I remember the frowns on our faces whenever mom served any rustic food in the name of super food. The irony is that I now often end up making these dishes at home.
Fresh red Amaranth leaves or laal chawli gives a lovely dark purple hue to the rotis.
- 1 cup pearl millet flour
- 1 cup whole wheat flour
- 2 cups chopped Amaranth leaves
- 4 tbsp yogurt or curd
- 1 large onion
- 1 green chilly
- 1-2 tbsp oil
- Salt to taste
- 1 tbsp Kasuri Methi
- 1 tsp. red chilly powder
- 1 tsp dry mango powder
- 1/2 tsp. turmeric powder
- 1/2 tsp. cumin powder
Method; Wash and pat dry the Amaranth greens with a kitchen towel and chop them finely.
Peel and finely chop the onion and green chilly.
Combine both the flours, chopped Amaranth greens, onion, yogurt, kasuri methi (dry fenugreek leaves), chilly powder, turmeric powder, cumin powder, chopped green chilies, dry mango powder (amchoor), salt in a large bowl.
The water released from Amaranth leaves should be enough to bind the dough. Use very little water if required to bind the dough.
Keep the dough slightly hard as the water released from amaranth will make it soft after sometime.
Take a little dry wheat flour in a plate for dusting the rotis while rolling.
Pinch a small ball of dough, dust it in the plate of wheat flour and make a round balls again.
Roll the ball of dough into thin circle.
Heat a griddle and place the roti over it. Check for a few bubbles on the top and flip to the other side.
Drizzle ½ tsp. of oil around the roti and cook for a minute. Flip again and drizzle a few drops of oil and cook the other side too.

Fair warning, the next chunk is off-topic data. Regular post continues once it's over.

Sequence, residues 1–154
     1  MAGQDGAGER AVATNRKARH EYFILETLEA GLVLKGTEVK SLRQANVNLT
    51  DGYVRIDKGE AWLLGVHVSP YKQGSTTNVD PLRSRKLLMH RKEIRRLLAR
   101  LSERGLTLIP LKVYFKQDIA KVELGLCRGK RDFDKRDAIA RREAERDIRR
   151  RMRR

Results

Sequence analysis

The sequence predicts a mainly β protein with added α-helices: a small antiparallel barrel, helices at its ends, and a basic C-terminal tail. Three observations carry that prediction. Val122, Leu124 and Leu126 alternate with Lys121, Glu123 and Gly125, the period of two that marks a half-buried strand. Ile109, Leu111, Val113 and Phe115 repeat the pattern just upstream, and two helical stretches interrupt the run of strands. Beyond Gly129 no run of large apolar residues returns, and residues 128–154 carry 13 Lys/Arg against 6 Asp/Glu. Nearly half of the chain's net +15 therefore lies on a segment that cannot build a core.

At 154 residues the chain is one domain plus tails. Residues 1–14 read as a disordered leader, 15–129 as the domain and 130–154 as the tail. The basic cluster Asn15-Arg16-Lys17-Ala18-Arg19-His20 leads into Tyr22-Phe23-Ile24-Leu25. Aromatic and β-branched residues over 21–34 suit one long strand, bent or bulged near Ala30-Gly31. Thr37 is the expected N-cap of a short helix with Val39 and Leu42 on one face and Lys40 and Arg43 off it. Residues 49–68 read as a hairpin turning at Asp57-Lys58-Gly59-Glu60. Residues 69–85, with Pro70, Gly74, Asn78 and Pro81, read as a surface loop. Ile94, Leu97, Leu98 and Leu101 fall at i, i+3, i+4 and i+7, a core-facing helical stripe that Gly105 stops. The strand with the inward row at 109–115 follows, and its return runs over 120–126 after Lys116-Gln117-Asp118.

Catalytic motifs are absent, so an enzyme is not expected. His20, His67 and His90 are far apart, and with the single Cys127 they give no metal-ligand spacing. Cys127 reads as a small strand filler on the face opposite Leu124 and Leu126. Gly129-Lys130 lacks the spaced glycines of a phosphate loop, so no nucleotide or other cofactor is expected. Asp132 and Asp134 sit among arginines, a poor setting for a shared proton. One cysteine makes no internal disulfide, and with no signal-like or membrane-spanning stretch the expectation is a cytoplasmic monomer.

Repeat the same process to make all the Amaranth flat breads or rotis.
Serve these healthy Amaranth rotis with onion-tomato relish for breakfast or any meal for the day.
2. Onion tomato relish
- 2 onions
- 1 large tomato
- 2 tbsp. oil
- 2 Dates
- 1/2 tsp. sugar
- Salt to taste
- 3 tsp. chilly powder
- 1 tsp. cumin powder
- 1/2 tsp. mustard seeds
- 1/4 th spoon onion seeds
- 1/4 th spoon fennel seeds
Method: Peel and finely chop onions.
Finely chop the tomato and Dates.
Heat oil in a skillet and add onion seeds, mustard seeds and fennel seeds in it and sauté fro a few seconds.
chopped onion and sauté for 5-6 minutes on high heat.
Add chopped tomatoes, dates, red chilly powder, salt, sugar and continue to sauté for another 2 minutes.
Add about 1/4 th cup of water, cover the lid and let it cook for 5-6 minutes.
Season the relish with cumin powder and serve with the Amaranth rotis.
Search for the English & Hindi names of various foods and ingredients used in the recipe in the Glossary here.
- Increase the amount of oil used in the relish to preserve it for more days.
- The relish is slightly spicy, reduce the amount of red chilly powder if you want it less spicy.
- Kasuri Methi added to the amaranth rotis gives it a lovely flavor to the rotis.
- Use any green to make these flat-breads. Spinach, fresh fenugreek leaves, coriander, mint make wonderful rotis.
- You can grind the relish after it is cooked completely to get a smooth and chutney like consistency.